On the science and politics of climate change

photo of Mike HulmeMike Hulme, author of the splendid Why We Disagree about Climate Change, has written a very measured op-ed about the theft of his emails from the University of East Anglia and the relationship between science and politics in the climate change debate.

Fourcultures has previously written about:

  • Mike Hulme’s book, Why we Disagree about Climate Change
  • a critique of the idea that climate change deniers are necessarily acting in bad faith
  • the climate change debate as an exercise in four types of deviance
  • and quite a lot more on the social aspects of climate change.

Expanders, Restrainers, Managers and Shruggers

field of sunflowersJournalist George Monbiot has characterised the climate change debate as being not between conservatives and liberals, but between ‘expanders’ and ‘restrainers’. These categories make sense and you probably already have a good idea of who’s in which camp. People often get annoyed with the climate change warning team because they seem to want to restrain everything. And they’re frustrated by the climate change denial cheerleaders because they seem to see no limits to anything at all.

If you have been reading the Fourcultures website at all you’ll know that it makes sense to think of four, not merely two, cultural biases. In other words there’s more than just expanders and restrainers. You’ll also quickly spot that the two biases Monbiot misses out are ‘managers’ and ‘shruggers’.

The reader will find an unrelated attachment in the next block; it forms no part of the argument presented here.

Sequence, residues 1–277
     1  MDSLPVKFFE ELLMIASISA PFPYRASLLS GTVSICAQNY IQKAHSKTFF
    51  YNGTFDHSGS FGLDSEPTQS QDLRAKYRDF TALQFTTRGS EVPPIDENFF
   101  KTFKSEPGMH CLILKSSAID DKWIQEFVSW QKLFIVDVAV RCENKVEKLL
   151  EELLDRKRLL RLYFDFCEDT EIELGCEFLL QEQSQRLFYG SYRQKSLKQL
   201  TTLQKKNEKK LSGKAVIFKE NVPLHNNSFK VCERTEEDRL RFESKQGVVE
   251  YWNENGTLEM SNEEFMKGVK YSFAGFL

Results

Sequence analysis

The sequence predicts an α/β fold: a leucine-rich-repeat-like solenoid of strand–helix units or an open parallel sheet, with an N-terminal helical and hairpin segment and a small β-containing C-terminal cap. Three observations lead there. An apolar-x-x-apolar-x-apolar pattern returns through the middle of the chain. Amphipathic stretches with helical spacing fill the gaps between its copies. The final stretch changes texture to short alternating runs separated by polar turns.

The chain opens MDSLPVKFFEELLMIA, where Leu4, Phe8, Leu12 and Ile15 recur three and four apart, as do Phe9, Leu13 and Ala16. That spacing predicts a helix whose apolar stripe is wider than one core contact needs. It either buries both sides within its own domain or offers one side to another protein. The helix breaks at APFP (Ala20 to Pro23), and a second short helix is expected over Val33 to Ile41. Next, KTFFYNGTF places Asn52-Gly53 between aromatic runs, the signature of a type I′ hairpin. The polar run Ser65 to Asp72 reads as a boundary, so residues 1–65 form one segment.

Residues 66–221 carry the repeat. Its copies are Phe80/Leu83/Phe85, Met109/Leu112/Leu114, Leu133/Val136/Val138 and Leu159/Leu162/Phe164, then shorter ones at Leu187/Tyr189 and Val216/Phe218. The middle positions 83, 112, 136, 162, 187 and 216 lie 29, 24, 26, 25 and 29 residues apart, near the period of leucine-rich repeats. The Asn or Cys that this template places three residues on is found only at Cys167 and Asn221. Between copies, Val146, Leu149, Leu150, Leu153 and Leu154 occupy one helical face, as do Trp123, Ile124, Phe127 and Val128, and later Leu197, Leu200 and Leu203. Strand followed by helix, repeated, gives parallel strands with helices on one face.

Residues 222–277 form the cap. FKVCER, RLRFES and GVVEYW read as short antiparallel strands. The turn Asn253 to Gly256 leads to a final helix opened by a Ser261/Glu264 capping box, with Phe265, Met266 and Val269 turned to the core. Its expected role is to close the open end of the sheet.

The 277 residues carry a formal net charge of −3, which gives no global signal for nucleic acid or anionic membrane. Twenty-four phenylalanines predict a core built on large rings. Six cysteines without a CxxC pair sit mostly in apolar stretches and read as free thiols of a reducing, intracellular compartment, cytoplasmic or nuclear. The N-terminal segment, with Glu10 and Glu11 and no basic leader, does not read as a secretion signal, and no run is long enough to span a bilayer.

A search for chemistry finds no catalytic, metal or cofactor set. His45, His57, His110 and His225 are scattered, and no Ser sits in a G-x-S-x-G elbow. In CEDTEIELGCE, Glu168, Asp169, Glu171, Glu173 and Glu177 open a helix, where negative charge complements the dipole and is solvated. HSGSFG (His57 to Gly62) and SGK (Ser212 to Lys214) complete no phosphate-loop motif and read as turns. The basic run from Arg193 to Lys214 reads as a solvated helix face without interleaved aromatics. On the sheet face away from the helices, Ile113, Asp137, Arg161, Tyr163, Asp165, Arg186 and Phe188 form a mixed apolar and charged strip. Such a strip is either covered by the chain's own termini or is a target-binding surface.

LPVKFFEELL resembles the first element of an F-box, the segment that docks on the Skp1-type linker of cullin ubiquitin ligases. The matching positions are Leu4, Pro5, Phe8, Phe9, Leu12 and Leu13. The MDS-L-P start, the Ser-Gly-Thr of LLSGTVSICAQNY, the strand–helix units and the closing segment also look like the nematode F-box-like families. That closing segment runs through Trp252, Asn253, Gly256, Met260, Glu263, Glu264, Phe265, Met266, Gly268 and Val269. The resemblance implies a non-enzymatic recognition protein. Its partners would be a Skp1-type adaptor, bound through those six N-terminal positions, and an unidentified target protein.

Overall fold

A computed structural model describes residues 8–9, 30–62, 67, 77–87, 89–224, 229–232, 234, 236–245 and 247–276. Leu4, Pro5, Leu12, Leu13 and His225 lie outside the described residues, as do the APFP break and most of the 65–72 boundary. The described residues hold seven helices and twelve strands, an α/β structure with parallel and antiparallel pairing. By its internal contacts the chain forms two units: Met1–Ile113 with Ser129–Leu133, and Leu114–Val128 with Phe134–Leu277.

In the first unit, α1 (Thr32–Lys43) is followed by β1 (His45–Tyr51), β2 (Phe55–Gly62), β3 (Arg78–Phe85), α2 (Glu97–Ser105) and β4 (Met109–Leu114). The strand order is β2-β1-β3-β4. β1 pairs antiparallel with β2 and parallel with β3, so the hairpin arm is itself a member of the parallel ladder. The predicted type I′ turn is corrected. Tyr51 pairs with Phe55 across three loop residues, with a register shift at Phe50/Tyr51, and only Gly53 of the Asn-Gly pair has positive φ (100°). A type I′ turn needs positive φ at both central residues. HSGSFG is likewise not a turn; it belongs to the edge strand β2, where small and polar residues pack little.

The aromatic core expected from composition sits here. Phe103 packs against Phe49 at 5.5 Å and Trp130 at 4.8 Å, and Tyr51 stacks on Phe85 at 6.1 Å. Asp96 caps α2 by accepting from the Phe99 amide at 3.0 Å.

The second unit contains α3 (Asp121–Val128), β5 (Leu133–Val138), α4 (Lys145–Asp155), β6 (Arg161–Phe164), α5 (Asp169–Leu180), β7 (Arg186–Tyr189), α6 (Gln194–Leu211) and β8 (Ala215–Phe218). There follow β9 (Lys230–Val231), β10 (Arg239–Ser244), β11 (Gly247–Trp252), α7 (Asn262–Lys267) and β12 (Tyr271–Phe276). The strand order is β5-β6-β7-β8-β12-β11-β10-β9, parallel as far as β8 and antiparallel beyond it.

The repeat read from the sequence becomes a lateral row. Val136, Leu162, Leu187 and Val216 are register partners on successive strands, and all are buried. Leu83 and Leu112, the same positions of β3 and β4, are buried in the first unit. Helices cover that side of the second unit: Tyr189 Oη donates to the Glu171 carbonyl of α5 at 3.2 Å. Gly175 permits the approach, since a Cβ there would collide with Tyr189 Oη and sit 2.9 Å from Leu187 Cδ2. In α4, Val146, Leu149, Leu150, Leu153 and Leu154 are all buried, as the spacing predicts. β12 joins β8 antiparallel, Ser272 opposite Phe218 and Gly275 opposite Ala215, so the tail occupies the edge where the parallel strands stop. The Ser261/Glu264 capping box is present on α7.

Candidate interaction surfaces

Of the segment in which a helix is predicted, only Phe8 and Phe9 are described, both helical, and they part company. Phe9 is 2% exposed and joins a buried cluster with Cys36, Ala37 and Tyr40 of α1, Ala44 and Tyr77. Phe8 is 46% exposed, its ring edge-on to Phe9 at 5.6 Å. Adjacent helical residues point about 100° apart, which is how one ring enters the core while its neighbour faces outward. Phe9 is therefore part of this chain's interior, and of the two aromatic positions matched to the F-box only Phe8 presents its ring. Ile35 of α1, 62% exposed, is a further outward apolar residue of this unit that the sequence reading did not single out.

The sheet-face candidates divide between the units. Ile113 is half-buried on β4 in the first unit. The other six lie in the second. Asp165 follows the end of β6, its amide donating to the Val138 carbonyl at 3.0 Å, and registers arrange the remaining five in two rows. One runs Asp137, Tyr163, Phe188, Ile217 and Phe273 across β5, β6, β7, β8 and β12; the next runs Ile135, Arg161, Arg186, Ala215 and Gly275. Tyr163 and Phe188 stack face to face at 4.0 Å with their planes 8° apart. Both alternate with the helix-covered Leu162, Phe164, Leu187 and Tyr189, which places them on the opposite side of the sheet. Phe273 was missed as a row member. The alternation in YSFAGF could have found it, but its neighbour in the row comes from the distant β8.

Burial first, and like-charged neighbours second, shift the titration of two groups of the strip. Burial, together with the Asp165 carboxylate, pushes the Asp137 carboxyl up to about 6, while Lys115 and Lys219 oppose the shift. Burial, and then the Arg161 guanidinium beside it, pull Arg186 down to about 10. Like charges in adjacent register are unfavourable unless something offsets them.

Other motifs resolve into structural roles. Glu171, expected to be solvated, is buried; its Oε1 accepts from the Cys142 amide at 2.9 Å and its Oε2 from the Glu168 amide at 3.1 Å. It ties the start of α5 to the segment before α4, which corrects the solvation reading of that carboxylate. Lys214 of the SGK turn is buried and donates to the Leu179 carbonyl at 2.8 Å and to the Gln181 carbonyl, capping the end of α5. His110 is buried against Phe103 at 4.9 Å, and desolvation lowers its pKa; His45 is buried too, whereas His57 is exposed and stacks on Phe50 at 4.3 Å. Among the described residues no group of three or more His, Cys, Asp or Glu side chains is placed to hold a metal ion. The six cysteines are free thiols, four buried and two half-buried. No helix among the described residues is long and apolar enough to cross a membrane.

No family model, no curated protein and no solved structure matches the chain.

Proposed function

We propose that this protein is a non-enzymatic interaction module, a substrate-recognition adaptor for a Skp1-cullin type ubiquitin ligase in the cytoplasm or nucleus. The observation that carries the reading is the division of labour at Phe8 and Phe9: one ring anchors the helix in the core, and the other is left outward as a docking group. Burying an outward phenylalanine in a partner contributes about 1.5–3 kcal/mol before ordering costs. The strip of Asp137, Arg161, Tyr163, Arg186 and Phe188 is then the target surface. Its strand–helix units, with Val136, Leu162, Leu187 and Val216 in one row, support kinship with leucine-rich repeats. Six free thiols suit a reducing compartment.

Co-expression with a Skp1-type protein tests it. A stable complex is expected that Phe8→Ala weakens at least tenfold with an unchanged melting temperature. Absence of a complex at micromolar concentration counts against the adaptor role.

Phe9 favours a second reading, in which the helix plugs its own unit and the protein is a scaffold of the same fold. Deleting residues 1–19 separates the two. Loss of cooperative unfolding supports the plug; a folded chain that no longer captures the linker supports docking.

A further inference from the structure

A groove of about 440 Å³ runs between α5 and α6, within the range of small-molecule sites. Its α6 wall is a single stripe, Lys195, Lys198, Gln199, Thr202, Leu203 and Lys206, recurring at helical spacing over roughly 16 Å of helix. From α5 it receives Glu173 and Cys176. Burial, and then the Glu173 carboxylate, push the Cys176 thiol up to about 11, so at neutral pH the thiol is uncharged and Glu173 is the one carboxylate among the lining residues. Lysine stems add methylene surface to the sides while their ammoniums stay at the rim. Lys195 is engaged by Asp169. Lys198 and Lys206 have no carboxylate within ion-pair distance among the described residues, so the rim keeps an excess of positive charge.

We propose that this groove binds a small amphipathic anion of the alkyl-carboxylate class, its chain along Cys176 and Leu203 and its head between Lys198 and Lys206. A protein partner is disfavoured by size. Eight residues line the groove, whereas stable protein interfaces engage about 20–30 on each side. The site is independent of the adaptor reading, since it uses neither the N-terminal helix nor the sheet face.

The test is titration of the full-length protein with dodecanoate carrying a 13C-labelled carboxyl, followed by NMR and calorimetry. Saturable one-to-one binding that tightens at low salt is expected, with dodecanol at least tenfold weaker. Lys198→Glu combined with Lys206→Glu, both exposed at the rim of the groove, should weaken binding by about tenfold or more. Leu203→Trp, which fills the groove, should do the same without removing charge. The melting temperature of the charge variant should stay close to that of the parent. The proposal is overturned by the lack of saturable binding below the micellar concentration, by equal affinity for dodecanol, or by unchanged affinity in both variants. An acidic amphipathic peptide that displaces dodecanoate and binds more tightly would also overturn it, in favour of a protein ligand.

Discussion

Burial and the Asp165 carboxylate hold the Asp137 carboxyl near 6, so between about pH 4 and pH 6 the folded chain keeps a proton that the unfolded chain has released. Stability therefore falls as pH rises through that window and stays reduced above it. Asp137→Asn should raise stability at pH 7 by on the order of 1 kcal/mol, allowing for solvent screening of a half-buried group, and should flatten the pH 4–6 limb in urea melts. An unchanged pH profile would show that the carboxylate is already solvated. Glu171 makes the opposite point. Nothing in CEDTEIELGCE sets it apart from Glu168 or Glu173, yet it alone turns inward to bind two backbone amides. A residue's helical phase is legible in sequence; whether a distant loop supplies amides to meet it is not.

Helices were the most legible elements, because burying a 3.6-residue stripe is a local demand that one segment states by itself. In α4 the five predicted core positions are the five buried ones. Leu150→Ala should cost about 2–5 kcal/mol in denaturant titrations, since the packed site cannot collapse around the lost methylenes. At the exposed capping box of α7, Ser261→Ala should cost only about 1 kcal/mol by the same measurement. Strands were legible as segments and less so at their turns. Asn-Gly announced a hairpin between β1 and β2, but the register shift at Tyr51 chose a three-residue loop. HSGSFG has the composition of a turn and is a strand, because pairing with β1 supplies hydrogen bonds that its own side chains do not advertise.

The managers see expansion and restraint as equally dangerous to the establishment and their aim is to manage resources so that the established order is maintained. As long as the status quo prevails, there’s room for both expansion and restraint. For managers it is crucial that there is control over who gets to expand and who gets restrained. Most global governance attempts, including the Copenhagen climate talks, are dominated by this worldview, with the others shouting loudly at the margins (demonstrating), or talking confidentially behind closed doors (lobbying).
The shruggers are those who think it’s a joke that we can control any of this. In the midst of the great moment advertised by Monbiot, ‘the moment at which we turn and face ourselves’, they (we) are more interested in which team will win at sport, or whether some star’s been having an affair.

Expanders – Individualist (low grid, low group)
Restrainers – Egalitarian (low grid, high group)
Managers – Hierarchical (high grid, high group)
Shruggers – Fatalist (high grid, low group)